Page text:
GE Aerospace and Clemson University have received $10 million in funding from the U.S. Air Force Research Laboratory to continue to develop next-generation materials that can withstand intense temperatures while flying at high speed.
The two organizations made the announcement on June 20 at the Paris Air Show.
Tony Mathis, president and chief executive of GE Edison Works, made the announcement June 20 alongside officials from Clemson University, according to a joint news release from the university and GE Aerospace.
The Air Force Research Laboratory authorized Congressional-appropriated funding for the project, the news release stated.
A consortium, including GE Aerospace, Clemson University and Missouri University of Science and Technology, is working to develop ceramic-matrix composite materials that would be lighter and better able to withstand extreme temperatures than metal alloys currently in use, yet still strong enough to maneuver during high-speed flight, the release stated.
“Today’s announcement represents a major milestone in the development of next-generation materials that will push the boundaries of what is possible in flight,” Mathis said in the announcement, released on June 20. “The research we are conducting will grow the U.S. innovation ecosystem, particularly in the area of advanced materials.”
In addition to the security benefits, the new materials are expected to improve engine efficiency, reduce environmental impact, enhance structural safety of the fuselage and revolutionize the time required to travel by air from one location to another, according to the release. The materials could have both military and commercial applications, researchers said.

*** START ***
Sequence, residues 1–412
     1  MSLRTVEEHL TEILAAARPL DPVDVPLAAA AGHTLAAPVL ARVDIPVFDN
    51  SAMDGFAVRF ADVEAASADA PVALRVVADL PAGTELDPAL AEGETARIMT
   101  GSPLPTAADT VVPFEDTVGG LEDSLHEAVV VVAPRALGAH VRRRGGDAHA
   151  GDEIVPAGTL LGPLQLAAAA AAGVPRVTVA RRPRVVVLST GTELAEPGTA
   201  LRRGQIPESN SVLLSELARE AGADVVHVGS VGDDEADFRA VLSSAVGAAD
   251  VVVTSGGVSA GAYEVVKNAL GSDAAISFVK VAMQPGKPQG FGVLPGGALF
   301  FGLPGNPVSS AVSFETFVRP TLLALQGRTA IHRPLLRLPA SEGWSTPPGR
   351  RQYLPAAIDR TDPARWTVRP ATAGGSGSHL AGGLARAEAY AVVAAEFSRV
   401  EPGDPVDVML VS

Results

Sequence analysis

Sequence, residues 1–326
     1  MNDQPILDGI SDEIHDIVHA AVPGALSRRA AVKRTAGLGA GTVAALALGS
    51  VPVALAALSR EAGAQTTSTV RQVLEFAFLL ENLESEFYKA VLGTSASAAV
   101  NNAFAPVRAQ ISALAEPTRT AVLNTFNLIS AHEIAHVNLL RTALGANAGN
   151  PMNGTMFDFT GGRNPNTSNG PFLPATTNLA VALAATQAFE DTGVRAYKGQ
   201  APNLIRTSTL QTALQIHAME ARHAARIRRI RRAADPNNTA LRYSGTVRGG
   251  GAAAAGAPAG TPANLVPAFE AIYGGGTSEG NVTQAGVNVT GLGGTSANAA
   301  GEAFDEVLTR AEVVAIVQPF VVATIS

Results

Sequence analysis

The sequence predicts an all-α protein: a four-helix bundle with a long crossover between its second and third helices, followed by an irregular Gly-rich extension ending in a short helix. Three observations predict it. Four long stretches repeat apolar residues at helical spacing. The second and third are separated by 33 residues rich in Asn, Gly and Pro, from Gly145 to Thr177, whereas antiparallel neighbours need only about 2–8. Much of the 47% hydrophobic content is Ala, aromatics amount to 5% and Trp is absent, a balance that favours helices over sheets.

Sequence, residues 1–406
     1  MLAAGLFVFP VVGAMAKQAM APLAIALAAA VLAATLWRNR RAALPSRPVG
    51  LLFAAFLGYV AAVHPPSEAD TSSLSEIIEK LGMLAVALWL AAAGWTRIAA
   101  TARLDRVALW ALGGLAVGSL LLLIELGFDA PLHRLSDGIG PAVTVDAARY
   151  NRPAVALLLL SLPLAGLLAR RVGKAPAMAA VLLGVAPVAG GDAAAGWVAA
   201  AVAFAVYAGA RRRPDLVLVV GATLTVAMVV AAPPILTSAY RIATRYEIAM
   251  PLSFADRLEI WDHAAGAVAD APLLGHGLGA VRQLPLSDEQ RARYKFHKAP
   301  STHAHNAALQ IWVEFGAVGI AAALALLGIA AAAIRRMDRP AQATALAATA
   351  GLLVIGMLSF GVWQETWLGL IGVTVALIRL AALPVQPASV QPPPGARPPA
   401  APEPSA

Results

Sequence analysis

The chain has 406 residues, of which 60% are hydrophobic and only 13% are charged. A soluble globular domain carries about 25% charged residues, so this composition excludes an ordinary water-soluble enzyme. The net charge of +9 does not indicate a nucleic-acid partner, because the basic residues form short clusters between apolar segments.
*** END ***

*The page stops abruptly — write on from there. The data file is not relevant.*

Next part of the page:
Clemson University President James P. Clements said the research builds on the university's work in advanced materials research.
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“We are proud to support GE on this exciting project with the U.S. Air Force Research Laboratory,” Clements said in the release. “This collaboration will drive innovation in advanced materials and help maintain U.S. competitiveness necessary for the workforce of the future.”
U.S. Sen. Lindsey Graham (R-S.C.) and U.S. Rep. James E. Clyburn (D-S.C.) voiced support for the project, with Graham saying in investment in research and development is key to maintaining the nation’s competitive edge.
“I appreciate Air Force Research Lab and the consortium collaborating on this important project,” Graham said in the release. “Clemson’s continued prioritization of advanced materials research ensures that our state and nation stay at the forefront of technological capabilities in ceramic-matrix composites.”
Clyburn said the research will provide new opportunities for students to work on the cutting edge of advanced materials.
“The investments we make today in education and workforce development are critical to building a prosperous future for South Carolina,” he said in the release. “Our universities, including Clemson, are key to this effort and to meeting the critical research needs for a strong national defense while also preparing our workforce for the opportunities of the 21st century.”